Pictured: Bill and his little brother Dick on the grounds of Woodridge Elementary School in San Antonio on May 22, 1975. I hung out with Bill mostly during our junior high years, which were about to come to an end when I took this picture. For a few months, I helped Bill launch his model rockets, such as the one he’s setting up here: an Excalibur brand rocket.
Next, he’s doing final preparations on the launching pad, which was made of wood planks nailed together, fitted with a guide wire for the rocket, sticking up like a spindle. We called it Excalibur IX because this was the ninth time we’d launched this particular rocket.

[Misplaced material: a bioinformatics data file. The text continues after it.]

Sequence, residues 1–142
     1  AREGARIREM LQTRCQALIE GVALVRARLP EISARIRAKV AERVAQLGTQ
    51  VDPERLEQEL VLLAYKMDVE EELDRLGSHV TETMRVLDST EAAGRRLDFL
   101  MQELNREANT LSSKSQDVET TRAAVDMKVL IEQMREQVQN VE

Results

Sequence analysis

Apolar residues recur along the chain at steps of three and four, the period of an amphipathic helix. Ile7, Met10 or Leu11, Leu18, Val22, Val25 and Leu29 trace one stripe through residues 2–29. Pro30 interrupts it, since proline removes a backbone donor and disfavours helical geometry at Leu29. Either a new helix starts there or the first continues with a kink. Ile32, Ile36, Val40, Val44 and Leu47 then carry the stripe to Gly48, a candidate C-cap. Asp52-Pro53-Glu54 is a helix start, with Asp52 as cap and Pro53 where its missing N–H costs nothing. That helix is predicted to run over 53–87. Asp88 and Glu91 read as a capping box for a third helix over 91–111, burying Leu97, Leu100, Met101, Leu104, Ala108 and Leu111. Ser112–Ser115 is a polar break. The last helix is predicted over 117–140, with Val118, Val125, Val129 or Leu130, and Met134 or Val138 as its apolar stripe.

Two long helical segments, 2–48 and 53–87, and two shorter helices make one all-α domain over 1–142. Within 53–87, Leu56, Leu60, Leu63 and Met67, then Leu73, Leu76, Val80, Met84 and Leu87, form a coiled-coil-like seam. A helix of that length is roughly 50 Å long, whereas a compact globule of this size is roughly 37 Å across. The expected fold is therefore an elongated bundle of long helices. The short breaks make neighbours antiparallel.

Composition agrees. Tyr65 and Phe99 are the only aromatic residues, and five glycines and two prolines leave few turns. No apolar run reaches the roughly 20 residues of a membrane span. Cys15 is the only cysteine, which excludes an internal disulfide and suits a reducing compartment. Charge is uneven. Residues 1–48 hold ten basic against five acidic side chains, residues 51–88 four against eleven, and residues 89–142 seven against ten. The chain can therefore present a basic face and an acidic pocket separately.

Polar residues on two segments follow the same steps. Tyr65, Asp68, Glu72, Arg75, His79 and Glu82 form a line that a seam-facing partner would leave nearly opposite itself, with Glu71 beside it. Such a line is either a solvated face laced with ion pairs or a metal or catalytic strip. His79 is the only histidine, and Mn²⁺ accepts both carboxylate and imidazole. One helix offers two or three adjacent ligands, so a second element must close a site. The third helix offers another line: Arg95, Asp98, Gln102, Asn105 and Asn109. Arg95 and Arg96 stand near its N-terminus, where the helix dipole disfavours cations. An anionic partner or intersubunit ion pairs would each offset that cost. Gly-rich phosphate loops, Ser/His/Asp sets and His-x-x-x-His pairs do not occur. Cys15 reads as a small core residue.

That was a lot of launches for a rocket like this, because there was always the risk of never seeing it again. One time I remember the wind catching one of the rockets after its parachute deployed and taking it far into the neighborhood around the school; we jumped on our bicycles to chase it, and found it at the edge of a street somewhere. Another time we set out to look for a rocket we never found. And yet another time, the parachute failed and the rocket came crashing to the ground, wrecking it.
Off it goes. I don’t remember if this was a successful flight. I kept detailed notes on all the flights, but I don’t have them handy — I think they’re on some closet shelf somewhere at my mother’s house even now. In this case, I decided to take pictures too.
I do remember that the last of these flights — an attempt, because the engine fizzled on the pad — was on July 4, 1975. For whatever reason, I didn’t participate in rocket launches with Bill after that.